Getting Out of Debt Without Getting Scammed

Monday, November 5, 2018, 6:00 AM | Leave Comment

Most business organizations turn to third-party companies when it comes to collecting debt from customers.

A credit card issuer, for instance, might work with a debt collection company to make sure that their customers are paying off their accounts.

The problem, however, is that while some debt collectors contact individuals to collect legitimate debt, there are also scammers — those who pose as false agents to try and trick individuals into paying off debt that doesn’t exist.

So, how do you recognize legitimate loan consolidation companies from the fake ones?

Well, here are three ways to do so without being duped out of your money:

  1. You Don’t Recognize the Account or the Company

    Throughout our life, we’ll come into contact with a lot of different businesses and organizations. So, it’s possible that an agent could be contacting you about an account you might have forgotten about. Before answering the phone and giving up your card information just to make them go away, make sure you do some investigating.

    If the agent calling you sounds like they’re from another country and can’t really articulate what’s going on with your debt, there’s a chance it’s a scam. Remember, you should never make payments to a collection agency you don’t recognize.

    You can also check your banking and credit card statements to see if the report includes information about a particular debt collection company. Note that even if you recognize the creditor, it doesn’t necessarily mean you’re safe and out of harm’s way.

    That’s why it’s important to ask for proof. If you are contacted by collections, then you have the right to ask them for proof before you send a payment. What kind of evidence? Proof that they’re authorized to contact you and collect on behalf of the company you might owe money to.

    Whatever you do, don’t let your guard down, since scammers might have access to your information already and use it as leverage to trick you into paying them. Keep in mind too that the IRS never contacts individuals via phone calls or emails. That’s also a common scam.

  2. There is No Sign of Them on the Internet

    Perhaps the easiest way to check if the debt collector contacting you is a real company is by searching for their contact information on the web. If the company is legitimate, then you might see a ton of comments from other users verifying the business’s credibility. But if you look up the phone number the agent is calling you from and don’t find anything, or see comments from users accusing the business of fraud, then avoid giving up any personal information at all costs.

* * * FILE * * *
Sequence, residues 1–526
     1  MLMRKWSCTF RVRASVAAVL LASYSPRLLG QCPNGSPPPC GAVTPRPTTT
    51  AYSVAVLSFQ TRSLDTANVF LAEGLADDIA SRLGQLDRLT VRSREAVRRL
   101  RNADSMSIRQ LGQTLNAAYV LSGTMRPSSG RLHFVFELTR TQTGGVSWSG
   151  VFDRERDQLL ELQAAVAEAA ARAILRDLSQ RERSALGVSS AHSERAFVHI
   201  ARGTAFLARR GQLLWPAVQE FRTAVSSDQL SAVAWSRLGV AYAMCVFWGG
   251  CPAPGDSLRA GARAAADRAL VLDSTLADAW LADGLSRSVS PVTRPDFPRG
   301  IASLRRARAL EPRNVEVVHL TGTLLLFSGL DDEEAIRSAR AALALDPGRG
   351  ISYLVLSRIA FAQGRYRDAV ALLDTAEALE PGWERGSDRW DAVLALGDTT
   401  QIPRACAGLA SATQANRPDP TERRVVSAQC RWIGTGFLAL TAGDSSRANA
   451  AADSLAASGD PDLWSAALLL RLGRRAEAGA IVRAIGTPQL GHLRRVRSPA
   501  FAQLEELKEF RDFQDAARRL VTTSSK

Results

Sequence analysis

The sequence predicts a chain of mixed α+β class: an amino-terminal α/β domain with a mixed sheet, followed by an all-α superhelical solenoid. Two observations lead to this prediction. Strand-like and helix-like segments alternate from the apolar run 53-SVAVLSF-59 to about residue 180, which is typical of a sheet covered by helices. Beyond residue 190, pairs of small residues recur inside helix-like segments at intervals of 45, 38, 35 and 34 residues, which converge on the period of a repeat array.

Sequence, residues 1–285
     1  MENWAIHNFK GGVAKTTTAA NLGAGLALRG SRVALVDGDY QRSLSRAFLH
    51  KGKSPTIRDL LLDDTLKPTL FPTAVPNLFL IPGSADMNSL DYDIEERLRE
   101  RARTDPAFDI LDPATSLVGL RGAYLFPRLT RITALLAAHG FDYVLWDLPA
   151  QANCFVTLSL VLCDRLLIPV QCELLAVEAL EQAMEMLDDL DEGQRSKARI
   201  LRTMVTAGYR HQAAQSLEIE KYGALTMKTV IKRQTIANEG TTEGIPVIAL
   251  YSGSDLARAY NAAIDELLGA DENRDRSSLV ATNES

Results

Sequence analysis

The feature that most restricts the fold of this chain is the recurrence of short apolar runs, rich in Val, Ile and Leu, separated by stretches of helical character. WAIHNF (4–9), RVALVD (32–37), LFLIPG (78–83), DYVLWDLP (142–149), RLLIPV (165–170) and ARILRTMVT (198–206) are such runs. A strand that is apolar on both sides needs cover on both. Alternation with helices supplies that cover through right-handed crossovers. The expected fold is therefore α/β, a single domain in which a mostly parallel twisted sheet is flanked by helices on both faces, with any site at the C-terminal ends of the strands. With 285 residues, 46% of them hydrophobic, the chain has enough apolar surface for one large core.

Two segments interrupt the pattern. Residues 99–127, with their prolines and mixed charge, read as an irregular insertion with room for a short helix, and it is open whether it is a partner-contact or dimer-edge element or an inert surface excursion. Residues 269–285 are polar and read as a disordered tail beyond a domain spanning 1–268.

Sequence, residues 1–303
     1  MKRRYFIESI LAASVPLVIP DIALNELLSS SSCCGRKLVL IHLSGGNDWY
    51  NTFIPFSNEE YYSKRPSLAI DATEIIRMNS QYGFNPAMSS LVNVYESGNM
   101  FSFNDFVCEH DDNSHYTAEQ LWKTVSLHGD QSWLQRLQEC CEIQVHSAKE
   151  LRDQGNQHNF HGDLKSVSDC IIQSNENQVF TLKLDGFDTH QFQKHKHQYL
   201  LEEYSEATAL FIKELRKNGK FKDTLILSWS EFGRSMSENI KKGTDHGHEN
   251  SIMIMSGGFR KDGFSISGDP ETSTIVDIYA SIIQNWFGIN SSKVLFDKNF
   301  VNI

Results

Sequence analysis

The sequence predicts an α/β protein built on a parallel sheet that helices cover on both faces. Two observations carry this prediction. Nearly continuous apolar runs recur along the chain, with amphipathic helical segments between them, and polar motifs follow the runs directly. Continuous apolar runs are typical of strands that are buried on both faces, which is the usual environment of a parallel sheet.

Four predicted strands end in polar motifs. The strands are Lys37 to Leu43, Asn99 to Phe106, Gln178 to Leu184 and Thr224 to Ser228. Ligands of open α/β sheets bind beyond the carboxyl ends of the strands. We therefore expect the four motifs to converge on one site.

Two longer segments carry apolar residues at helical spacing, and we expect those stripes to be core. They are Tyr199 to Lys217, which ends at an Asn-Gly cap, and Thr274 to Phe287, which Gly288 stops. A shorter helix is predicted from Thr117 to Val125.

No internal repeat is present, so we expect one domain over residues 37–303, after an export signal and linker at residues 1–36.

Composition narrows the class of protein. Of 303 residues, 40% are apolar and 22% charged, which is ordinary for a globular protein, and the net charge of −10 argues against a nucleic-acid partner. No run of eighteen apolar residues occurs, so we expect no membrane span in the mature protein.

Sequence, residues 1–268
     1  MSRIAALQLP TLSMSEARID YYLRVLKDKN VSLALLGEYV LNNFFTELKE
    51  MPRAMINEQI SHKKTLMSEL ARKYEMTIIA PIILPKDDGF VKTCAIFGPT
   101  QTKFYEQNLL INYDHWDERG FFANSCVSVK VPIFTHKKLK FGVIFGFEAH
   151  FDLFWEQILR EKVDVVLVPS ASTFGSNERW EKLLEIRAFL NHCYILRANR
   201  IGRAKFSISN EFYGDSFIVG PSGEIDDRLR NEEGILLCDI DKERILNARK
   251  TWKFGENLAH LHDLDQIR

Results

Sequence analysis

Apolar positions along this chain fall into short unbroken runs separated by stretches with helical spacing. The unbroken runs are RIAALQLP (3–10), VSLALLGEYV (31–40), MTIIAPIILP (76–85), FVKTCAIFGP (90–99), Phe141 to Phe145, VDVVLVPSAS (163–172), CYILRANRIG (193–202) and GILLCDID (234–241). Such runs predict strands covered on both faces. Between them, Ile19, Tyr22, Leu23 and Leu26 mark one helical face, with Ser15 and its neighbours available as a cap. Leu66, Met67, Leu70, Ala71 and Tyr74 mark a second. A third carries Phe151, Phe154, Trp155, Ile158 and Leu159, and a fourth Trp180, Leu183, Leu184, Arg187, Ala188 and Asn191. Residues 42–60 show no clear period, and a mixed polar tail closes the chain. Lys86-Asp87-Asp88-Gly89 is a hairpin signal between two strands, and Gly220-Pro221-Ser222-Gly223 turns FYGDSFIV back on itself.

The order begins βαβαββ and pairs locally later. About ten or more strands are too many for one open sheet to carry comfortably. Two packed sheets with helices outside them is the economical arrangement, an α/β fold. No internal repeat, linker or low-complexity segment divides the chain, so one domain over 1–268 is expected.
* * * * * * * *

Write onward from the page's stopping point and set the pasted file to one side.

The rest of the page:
So, what’s the easiest way to search a company’s number?

    It’s simple: Type in the full phone number (including the area code) into the search bar. If you see hundreds of different numbers appear, then you’ll have to do some investigating. Start with businesses, but if you’re unable find anything there, then look for names.

    Debt collection companies will typically leave their contact information in the voicemail and invite you to give them a call. If you see a familiar name on the web, then chances are, they’re the ones trying to get a hold of you. If, however, you don’t see anything, be careful and proceed with caution if you decide to answer your phone or give them a call back.

    If you’re not comfortable contacting them, you can always block the number, report it as a scam to your phone carrier, or report it as a scam if they’re contacting you via email. When it comes to debt collectors, the more research you do beforehand, the better. That last thing you’d want is your personal information getting into the wrong hands.

  3. The Agent Asks for Information They Should Already Have

    Not every debt collector will try and talk you into sending money to them. That’s because scams (like most things) come in many different forms. When it comes to scamming, individuals aren’t only looking for money, they’re looking for opportunities. This is why many scammers do their best to seek personal information, then use that to commit identity theft and make purchases.

    With this knowledge, it’s important to understand that when companies like banks, hospitals, and other service corporations hire third-party debt collectors, they send over all the necessary information needed to authorize the payment.

    Generally, this information includes things like your name, mailing address, date of birth, Social Security number, and account number. So, if an agent calls you and asks you for this information, be very suspicious and protective of your information.

    Even if the caller has some knowledge of your whereabouts and information about you, still be on alert. With so much information about you available on the web, it’s not hard to gather the information needed to trick you into thinking the caller is real.

Protect Yourself

When it comes to preventing fraudulent behavior, you can never have too much security. People hoping to profit from your mistakes are everywhere, and they can access your important data through something as simple as an unsecured wifi network, a piece of malware on your computer, or a spam call masquerading as a debt collector.

It’s important to always be cautious and watch out for scams, phishing emails, and unsecured home lines. By doing so you can protect your information and prevent your data, and even your identity, from being stolen. Security, in this case, is your main line of defense.

As you move forward to pay off any unwanted debt and restore your credit, it’s important to document everything. This means documenting calls, emails, creditors, and taking a look at credit reports regularly. In the end, these are things that could save you from being another victim.

This article is written By Avery Phillips

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